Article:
Morgan notices that Grace has stopped breathing, and he frantically performs chest compressions on her.  Desperate, Morgan begs Grace to return to him.  In her mind, Grace hears Morgan’s pleas.  In reality, Grace is still not breathing.  Whenever someone performs CPR in the Walking Dead Universe, there is always that uncomfortable moment when you are waiting to see milky eyes.  Morgan holds Grace’s hand, and he quietly encourages her to breathe.

In Grace’s mind, Morgan arrives and kills a zombie Riley that has ambled into the barn.  After a tearful goodbye, Grace leaves Athena with Morgan, and she walks out the doors into the light.  With Grace not breathing in the real world and walking into the light in her mind, I guarantee most viewers were yelling “cut the baby out!”  The last thing I want to see is Morgan wait too long to save the baby because he can’t let go.  Nobody wants to see baby Athena chew through Grace’s stomach.  Well, most don’t.

But Grace awakens in the real world.  Grace records a few words for Athena on her tape recorder, and she prepares to give birth.  Morgan refuses to believe that Grace will die, but Grace insists she has seen the future in her dreams.  The future is Athena.  “Everything is going to be okay because of her,” Grace tells Morgan. 

Morgan (Lennie James) asks Riley why he needs the key.
(Photo Credit: AMC / Fear the Walking Dead)


Back from the store, Riley drives his pickup truck into the barn.  Morgan shields Grace to protect her, but Riley jumps out and levels a gun.  Riley insists he will leave Morgan alone if he hands over the key.  Morgan does not usually act without thinking.  Morgan has survived because he looks at the motivation of other people.  So in this moment, even though Riley has the upper hand, Morgan wants to know why Riley needs the key before he will hand it over.

Without Grace, I don’t think Morgan would have relinquished the key without an explanation.  But Grace says that Athena told her in the dream that the key was the cost of peace.  “The key is not the future.  She is,” Grace says.  Reluctantly, Morgan gives the key to Riley, and surprisingly, he leaves Morgan and Grace alone.  As Grace goes into serious labor, she puts on her headphones and listens to Roy Orbison’s “In Dreams.”  After Morgan helps deliver the baby, he is unable to revive a stillborn Athena.

Still alive, Grace is confused, but after a moment, she starts to cry.  “They weren’t my last moments.  They were hers,” Grace says.  There have been a lot of cruel moments in this undead universe, but this was one of the worst.  A truly heartbreaking death.  On the other hand, Athena’s birth could not have ended any other way.  Grace had been exposed to radiation, and she had acknowledged that the baby had been exposed in utero early on in the pregnancy.  

If the baby had survived, it would have been a miracle.  However, the realness of the baby’s death in these circumstances does not make this ending any less upsetting.  Sure this is a fictional world mostly devoid of hope, but there are some glimmers.  Unfortunately for Grace and Athena, this was not one of them.  Any chance that Athena had at survival was destroyed by the car bomb that Riley set off.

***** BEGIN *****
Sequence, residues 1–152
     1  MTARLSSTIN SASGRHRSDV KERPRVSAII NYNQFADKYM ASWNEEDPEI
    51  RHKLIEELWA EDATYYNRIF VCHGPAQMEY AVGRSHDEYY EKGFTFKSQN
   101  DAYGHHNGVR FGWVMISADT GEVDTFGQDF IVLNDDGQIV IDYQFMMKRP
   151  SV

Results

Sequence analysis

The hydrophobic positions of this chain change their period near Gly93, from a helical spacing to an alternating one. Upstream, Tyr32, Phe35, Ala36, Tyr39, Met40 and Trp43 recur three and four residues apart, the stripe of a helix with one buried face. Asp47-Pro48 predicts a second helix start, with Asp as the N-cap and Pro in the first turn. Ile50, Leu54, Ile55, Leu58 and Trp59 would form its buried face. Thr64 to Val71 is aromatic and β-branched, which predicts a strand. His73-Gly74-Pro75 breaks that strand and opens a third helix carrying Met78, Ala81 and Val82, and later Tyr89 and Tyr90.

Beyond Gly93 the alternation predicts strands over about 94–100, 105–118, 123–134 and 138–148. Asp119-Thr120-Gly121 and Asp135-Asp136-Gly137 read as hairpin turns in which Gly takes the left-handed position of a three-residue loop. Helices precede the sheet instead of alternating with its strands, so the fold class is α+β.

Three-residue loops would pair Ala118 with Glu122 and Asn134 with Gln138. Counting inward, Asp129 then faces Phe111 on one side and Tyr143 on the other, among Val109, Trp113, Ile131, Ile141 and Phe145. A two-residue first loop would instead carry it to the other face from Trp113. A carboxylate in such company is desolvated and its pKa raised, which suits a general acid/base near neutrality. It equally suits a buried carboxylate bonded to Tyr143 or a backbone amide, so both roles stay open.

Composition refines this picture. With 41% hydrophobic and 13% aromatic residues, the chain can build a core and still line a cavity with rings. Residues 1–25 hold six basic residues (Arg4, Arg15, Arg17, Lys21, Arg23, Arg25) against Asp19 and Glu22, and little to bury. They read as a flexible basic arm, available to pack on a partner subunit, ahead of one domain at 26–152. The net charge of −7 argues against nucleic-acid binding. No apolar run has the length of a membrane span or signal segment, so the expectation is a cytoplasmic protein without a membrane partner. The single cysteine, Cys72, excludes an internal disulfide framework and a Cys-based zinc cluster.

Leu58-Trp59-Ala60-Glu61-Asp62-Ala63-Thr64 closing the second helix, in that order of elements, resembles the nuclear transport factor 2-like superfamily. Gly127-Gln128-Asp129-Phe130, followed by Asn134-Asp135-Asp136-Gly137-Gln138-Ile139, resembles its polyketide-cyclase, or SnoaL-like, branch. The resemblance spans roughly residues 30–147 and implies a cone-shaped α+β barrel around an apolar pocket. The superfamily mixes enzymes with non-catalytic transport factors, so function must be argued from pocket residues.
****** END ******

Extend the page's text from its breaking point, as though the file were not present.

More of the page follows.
In a dream, Grace talks to Morgan about her fate.
(Photo Credit: AMC / Fear the Walking Dead)


Absolutely.  The helplessness of someone unconscious in an undead world is intense.  To know the danger and to know that you can’t just fight your way out without help, is horrifying.  So the tension from Grace’s struggle to wake up makes this an especially stressful episode.  In the back half, we know Morgan is alive and therefore, he has Grace’s back.  But the stress is in the knowledge that Grace might be slipping away before Morgan has a chance to save the baby.  The reason for the tension shifts, but the stress continues.  It makes for a riveting episode.

Some of the bonding between Grace and Athena is a bit cheesy, but it works.  I suppose this passes for a Mother’s Day episode for The Walking Dead universe.  At least no one got eaten and no one had to look at flowers.

As far as the success of the season so far, I think Fear the Walking Dead is doing a better job at these one off experimental episodes than The Walking Dead. Whereas the extra episodes tacked on to the end of season 10 of TWD are almost purely character work, the second half of season 6 of Fear addresses plot as well. We got an episode focused on Daniel and his possible dementia, but we also learned more about the Enders. We got an episode focused on Virginia’s downfall and June’s response to John’s death, but it also set up how Morgan’s group splinters. At this point, Fear is doing doing more plot driven character work than the original series. Some of that is because of the pandemic break, but I also think Fear is taking some more interesting chances with their storytelling.


  • New Walker name:  Husks
  • The pink flowers and the jump to the future were reminiscent of “12 Monkeys” TV show, but with a surprisingly much brighter future in this zombie apocalypse
  • Does the key belong to a military installation? Like the kind where you need two keys to turn simultaneously?